FL SB 550- Forced Septic Tank Inspection
Lawmakers Plan Repeal of Septic Tank Inspection Bill
By Keith Laing
The News Service Florida
October 7, 2010
A pair of lawmakers from the Florida Panhandle have said that they will file a bill for the 2011 session that would repeal legislation passed earlier this year to require septic tank inspections every five years to protect Florida springs.
Sen. Don Gaetz, R-Niceville, and Rep. Marti Coley, R-Marianna, said the requirement, which they say could cost residents $500 or more, was secretly inserted into a wide-ranging springs protection bill (SB 550) passed late in session this year.
“The proper management of septic systems is important to our environment,” Gaetz said in a statement. “But this mandate is not supported by scientific necessity. Moreover, it works a special hardship on many people in rural areas who are struggling to make it financially in these exceptionally hard times.”
“One of the many problems with this requirement is that it was crafted by the companies that will be paid to do the inspections,” Coley added. “This is a clear conflict of interest.”
The wide-ranging spring bill, SB 550, would require inspections of the state’s 2.6 million septic tanks once every five years by 2016. The bill would ban solid and liquid residuals created by septic tanks that are currently allowed in other unrestricted public places and expand the definition of alternative water supply projects, which opponents have said would require some septic tanks to be replaced altogether.
The bill also calls for the creation of regional bodies to handle the septic tank inspections, instead of a state agency or “water czar,” as had been floated in previous proposals that ran into opposition in the Legislature. The new requirements are scheduled to go into effect Jan. 1.
The planned repeal bill, which would only affect the septic tank provision, follows a comment last month from Gov. Charlie Crist that he would not delay implementation of the bill despite requests to do so by two other Panhandle lawmakers, Sen. Durrell Peaden, R-Crestview, and Rep. Greg Evers, R-Baker. Peaden and Evers wanted Crist to push back the effective date of the requirement to July 2011 so lawmakers could study the effects of the mandate when they return to Tallahassee next March.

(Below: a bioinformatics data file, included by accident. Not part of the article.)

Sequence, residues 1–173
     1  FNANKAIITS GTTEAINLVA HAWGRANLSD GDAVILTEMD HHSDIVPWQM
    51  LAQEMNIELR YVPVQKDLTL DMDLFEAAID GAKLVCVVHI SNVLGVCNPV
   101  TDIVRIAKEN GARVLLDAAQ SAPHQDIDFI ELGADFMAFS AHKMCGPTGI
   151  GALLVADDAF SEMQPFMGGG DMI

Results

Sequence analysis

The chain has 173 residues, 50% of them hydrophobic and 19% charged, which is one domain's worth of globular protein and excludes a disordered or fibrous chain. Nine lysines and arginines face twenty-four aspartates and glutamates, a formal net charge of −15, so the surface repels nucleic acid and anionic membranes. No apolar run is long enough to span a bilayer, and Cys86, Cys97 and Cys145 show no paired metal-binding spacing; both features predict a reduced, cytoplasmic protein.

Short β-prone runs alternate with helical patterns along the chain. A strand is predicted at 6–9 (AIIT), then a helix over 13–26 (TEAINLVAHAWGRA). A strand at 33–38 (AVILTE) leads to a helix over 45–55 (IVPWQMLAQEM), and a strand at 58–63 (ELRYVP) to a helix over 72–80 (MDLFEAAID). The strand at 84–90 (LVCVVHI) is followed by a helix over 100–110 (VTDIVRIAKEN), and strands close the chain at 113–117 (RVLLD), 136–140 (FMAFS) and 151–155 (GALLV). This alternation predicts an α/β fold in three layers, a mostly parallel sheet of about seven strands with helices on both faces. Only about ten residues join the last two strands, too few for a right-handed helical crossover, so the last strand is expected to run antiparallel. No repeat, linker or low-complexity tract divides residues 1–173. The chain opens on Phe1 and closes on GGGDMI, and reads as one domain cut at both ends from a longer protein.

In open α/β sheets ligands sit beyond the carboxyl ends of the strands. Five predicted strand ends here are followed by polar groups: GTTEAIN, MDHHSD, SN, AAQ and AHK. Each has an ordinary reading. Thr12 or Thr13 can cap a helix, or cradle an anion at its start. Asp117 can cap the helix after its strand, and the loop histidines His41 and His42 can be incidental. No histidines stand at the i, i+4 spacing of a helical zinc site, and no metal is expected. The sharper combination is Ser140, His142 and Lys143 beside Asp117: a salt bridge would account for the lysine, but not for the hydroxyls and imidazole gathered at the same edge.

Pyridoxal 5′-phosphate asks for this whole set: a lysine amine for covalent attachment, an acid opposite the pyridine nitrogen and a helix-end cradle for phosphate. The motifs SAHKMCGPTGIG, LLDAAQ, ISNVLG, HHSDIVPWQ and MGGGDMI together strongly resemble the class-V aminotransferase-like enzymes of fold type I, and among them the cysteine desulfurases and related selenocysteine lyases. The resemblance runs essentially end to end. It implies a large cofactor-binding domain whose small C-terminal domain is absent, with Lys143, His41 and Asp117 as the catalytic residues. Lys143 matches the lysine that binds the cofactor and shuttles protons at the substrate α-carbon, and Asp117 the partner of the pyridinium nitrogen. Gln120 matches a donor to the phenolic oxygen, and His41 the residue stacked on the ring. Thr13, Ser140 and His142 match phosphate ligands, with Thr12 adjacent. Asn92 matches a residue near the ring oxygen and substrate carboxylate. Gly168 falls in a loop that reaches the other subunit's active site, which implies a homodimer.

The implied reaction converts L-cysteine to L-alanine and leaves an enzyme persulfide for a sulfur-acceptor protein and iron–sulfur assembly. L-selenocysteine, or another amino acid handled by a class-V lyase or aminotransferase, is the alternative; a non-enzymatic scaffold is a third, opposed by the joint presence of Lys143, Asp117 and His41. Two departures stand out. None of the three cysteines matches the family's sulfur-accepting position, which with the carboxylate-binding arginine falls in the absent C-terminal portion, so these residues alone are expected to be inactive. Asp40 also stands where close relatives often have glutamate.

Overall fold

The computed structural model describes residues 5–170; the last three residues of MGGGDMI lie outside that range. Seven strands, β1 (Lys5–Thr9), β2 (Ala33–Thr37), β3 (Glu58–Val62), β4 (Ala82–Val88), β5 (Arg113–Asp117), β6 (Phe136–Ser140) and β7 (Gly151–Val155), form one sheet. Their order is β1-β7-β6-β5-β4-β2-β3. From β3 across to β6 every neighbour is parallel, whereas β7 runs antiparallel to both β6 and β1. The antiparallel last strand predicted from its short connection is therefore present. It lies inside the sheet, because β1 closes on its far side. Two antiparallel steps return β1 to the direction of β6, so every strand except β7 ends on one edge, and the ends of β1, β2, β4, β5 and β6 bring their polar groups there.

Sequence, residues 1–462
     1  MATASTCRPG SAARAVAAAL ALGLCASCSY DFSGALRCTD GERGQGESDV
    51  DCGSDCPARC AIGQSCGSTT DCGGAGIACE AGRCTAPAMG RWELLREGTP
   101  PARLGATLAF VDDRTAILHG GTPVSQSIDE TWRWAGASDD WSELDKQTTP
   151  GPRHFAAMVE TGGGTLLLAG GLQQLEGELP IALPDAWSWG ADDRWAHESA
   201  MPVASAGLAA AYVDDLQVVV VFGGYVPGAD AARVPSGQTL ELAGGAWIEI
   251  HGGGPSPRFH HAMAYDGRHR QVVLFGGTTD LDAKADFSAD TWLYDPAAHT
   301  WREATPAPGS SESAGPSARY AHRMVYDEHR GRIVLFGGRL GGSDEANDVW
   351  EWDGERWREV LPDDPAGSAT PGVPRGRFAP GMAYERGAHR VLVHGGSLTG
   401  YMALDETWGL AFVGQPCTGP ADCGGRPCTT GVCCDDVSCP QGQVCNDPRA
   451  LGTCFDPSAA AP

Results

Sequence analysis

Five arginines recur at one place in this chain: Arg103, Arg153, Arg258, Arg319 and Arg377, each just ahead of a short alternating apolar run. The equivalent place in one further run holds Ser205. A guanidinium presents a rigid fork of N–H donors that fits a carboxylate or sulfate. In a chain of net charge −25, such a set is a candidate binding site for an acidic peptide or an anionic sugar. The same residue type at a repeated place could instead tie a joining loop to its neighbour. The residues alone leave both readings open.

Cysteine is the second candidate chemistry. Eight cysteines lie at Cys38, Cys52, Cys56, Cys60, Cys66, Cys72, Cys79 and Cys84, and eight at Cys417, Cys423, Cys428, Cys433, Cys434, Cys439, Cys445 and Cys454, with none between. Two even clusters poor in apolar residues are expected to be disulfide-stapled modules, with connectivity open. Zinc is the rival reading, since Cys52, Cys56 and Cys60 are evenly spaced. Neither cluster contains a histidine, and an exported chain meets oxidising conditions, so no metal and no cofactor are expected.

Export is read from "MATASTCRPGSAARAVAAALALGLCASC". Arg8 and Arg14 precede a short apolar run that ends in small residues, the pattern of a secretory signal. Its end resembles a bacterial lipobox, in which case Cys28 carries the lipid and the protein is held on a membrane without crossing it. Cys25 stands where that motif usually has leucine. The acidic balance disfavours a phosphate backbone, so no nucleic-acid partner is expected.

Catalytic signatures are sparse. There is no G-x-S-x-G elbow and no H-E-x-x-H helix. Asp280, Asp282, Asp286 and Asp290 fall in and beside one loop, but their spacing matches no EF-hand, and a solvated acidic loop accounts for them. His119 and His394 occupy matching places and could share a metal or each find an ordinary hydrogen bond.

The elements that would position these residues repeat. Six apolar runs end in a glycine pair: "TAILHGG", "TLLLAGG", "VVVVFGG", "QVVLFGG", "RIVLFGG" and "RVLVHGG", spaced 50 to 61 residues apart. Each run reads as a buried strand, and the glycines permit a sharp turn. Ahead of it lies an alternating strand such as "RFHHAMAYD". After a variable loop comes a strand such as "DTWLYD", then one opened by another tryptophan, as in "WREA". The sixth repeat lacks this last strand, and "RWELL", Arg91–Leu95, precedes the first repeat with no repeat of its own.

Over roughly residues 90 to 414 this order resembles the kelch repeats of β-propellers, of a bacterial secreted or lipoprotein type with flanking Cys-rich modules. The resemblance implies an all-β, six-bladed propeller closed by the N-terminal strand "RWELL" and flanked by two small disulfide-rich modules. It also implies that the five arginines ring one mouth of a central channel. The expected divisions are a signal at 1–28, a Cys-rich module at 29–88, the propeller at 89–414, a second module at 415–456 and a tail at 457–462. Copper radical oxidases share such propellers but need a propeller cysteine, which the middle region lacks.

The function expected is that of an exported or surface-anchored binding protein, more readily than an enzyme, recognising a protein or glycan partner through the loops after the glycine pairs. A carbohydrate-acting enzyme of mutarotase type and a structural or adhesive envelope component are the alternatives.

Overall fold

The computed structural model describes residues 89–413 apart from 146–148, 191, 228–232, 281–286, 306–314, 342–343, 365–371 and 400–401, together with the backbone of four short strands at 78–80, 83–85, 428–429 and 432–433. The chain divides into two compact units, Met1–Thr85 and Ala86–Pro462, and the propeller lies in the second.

However, Crist spokesman Sterling Ivey noted “it was a Senate bill that passed both houses and he signed into law” and told the News Service of Florida recently that the governor had no plans to wade back into the septic tank debate this fall, his last at the head of state government.
Backers of SB 550 say the septic requirements will cost much less than possible federal water regulations from the U.S. Environmental Protection Agency. The EPA is currently considering limits on the amount of chemical pollution that would be allowed in state water bodies. SB 550 supporters argued the federal agency may consider letting Florida have more of a say in septic tank monitoring if the state showed it was serious about protecting its water resources.
But Gaetz and Coley said that was not enough reason to ignore the burden they said requiring the inspections would put on taxpayers.
“County governments, taxpayer organizations and hundreds of concerned citizens have asked for relief from this intrusive, unnecessary expense,” both lawmakers said.
Sen. Lee Constantine, R-Altamonte Springs, declined to comment Tuesday because he will not be in the Legislature next year after facing term-limits. Constantine has said he considered SB 550 to be a capstone of his career in the Legislature and lawmakers presented him with a framed copy of the bill after he made farewell remarks on the floor of the Senate this year.
Earlier this summer, another term-limited senator, Democratic Leader Al Lawson, D-Tallahassee, said the bill should be repealed.
“Tallahassee simply cannot impose such a high financial burden on homeowners at this time,” Lawson said in August.
Article here: http://www.northescambia.com/?p=30663
Click here to find and contact your FL State Senator today to voice your opinion on this issue! (For those of us in Alachua County it would be State Senator Steve Oelrich. Click here to email him.).